city budget

Gino Geruntino / WRVO

Oswego city voters overwhelmingly approved a five percent tax cap on Election Day, and some lawmakers say they are on board with the new law, which they hope will bring more accountability and efficiency to the annual budget process.

Republican Fifth Ward Councilor Billy Barlow says he's excited to see the city's new five percent tax cap in place. But it isn't just about the city's taxpayers drawing a metaphorical line in the sand regarding the city's budget.

Gino Geruntino / WRVO

Property owners in the city of Oswego were hammered last year with a 43 percent property tax increase. But this year, the city's mayor says he expects a much more pleasant result for the city's taxpayers, citing several positive changes in the city.

Nearly one year ago, Mayor Tom Gillen and the Oswego Common Council were heavily criticized for their passage of the massive tax hike.

Gino Geruntino / WRVO

Homeowners in the city of Oswego will be able to voice their opinions at a pubic hearing on a proposal to reinstate the city's five percent property tax cap. The original limit was removed in 2011, but after the city's common council approved a 43 percent property tax increase in December, support has been growing to bring it back.

But Oswego Mayor Tom Gillen says this year's tax hike was unavoidable.

A 1.5 percent property tax increase will stand in the City of Syracuse after the Common Council overrode Mayor Stephanie Miner’s budget veto today.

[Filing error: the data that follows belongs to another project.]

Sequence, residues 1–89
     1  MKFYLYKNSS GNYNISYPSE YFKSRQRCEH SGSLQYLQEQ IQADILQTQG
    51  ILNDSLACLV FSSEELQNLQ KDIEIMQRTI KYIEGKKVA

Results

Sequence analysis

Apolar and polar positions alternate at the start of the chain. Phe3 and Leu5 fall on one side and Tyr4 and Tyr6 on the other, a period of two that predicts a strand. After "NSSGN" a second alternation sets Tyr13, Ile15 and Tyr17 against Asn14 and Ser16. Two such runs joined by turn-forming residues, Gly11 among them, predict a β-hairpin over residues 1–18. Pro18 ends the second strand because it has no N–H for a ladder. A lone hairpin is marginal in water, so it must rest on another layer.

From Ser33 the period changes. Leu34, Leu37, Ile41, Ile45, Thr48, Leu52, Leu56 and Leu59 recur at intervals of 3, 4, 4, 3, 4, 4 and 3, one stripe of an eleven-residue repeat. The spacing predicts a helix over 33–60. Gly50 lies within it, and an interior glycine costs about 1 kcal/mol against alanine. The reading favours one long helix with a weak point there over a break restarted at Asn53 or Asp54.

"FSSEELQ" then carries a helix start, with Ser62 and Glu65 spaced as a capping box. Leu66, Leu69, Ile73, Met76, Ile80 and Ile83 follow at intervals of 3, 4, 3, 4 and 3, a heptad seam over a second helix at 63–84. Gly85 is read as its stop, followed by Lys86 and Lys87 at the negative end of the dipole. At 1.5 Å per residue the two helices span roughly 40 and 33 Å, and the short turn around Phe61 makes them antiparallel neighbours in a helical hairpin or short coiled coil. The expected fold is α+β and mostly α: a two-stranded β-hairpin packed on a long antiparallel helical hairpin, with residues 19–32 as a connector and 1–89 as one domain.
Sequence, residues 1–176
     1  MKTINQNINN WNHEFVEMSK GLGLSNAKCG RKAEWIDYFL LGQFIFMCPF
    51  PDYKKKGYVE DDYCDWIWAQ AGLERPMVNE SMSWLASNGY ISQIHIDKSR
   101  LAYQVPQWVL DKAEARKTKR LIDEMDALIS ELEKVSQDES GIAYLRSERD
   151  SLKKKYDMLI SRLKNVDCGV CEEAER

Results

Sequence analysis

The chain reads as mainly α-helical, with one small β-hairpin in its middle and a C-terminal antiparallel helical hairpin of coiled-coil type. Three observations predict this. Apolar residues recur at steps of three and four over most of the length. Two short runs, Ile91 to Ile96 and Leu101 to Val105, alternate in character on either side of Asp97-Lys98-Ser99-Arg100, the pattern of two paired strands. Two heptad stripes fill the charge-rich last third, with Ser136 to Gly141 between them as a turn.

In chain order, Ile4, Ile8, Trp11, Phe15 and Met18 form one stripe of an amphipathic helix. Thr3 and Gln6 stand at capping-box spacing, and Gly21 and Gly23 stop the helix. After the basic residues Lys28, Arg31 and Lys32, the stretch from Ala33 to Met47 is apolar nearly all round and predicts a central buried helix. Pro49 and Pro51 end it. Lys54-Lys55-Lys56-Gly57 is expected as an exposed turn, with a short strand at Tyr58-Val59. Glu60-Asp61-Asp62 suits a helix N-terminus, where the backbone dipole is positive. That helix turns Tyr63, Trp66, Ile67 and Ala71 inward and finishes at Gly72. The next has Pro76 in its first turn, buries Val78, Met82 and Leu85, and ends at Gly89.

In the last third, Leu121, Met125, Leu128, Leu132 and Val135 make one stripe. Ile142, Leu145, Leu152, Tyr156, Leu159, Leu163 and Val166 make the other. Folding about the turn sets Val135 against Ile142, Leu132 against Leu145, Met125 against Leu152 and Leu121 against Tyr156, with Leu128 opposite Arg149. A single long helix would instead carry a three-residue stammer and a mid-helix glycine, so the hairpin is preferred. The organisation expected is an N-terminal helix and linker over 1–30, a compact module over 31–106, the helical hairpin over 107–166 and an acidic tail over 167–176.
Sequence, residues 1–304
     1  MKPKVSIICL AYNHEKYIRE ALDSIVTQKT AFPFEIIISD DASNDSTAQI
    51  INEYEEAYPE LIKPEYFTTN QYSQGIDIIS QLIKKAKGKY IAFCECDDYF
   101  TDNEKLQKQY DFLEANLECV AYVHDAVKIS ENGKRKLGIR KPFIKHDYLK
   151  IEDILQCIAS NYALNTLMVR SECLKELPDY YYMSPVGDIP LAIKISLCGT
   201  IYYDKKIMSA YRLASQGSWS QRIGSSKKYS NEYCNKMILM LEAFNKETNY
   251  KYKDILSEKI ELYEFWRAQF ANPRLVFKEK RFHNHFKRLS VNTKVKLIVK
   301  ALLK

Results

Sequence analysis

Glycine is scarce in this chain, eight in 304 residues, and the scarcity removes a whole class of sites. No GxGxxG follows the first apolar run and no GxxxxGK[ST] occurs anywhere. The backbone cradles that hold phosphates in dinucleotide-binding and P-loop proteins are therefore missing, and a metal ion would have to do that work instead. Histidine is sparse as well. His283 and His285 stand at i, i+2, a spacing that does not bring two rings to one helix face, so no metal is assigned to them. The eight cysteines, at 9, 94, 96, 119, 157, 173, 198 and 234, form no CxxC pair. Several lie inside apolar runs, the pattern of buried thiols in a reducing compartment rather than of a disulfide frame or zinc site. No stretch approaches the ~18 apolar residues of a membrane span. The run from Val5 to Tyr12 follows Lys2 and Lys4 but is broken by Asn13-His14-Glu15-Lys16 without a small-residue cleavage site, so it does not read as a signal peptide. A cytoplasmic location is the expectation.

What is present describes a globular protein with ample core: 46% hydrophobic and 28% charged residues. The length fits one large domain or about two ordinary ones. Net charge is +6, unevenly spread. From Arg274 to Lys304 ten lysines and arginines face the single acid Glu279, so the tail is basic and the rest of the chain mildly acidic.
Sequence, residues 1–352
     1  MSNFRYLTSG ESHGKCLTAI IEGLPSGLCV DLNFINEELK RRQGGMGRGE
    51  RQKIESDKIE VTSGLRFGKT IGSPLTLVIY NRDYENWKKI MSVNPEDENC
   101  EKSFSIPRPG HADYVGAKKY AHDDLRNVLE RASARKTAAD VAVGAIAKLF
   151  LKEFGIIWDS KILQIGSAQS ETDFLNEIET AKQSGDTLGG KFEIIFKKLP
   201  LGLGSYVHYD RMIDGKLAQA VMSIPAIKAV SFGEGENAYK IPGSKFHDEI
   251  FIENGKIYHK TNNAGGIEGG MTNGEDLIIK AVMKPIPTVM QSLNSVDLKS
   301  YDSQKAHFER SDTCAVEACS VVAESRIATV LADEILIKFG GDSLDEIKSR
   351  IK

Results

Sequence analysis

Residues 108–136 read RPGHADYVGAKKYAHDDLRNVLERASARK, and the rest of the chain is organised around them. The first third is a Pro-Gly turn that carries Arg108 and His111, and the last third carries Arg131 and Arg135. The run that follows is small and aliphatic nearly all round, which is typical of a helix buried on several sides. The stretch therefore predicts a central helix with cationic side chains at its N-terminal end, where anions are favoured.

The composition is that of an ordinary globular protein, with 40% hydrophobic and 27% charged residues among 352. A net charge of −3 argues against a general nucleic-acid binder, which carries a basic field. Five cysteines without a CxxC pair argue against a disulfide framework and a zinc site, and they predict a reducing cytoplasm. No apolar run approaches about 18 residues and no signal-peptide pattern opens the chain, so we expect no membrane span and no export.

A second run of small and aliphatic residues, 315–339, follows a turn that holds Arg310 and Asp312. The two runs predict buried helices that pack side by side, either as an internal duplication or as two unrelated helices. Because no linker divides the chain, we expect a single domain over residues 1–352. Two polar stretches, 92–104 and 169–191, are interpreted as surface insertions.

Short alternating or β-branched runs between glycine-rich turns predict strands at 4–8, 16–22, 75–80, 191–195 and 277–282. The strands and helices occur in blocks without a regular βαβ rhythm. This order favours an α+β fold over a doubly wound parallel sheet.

Finance Committee Chairwoman Kathleen Joy says the city can’t continue to cut it’s way out of yearly budget deficits, so lawmakers felt the time was right for this increase.

Syracuse common councilors will be asking for more information from not-for-profits that get funds from the city budget.  The city contracts with several agencies to provide various services to city residents every year.

But Councilor Pam Hunter says there needs to be more accountability about what these nonprofits are doing with city funds.

Gino Geruntino / WRVO

Oswego's Common Council was recently presented with a petition seeking to add a five percent tax cap back to the city's charter, which was removed in 2011. The city of Oswego continues to deal with resident complaints about last year's 43 percent property tax hike, and struggle with balancing its budget.

Lawyer Kevin Caraccioli got more than 500 people to sign the petition. He says the tax cap would work in the same way as it does in school budgets, requiring city voters to approve budgets that surpass the tax cap.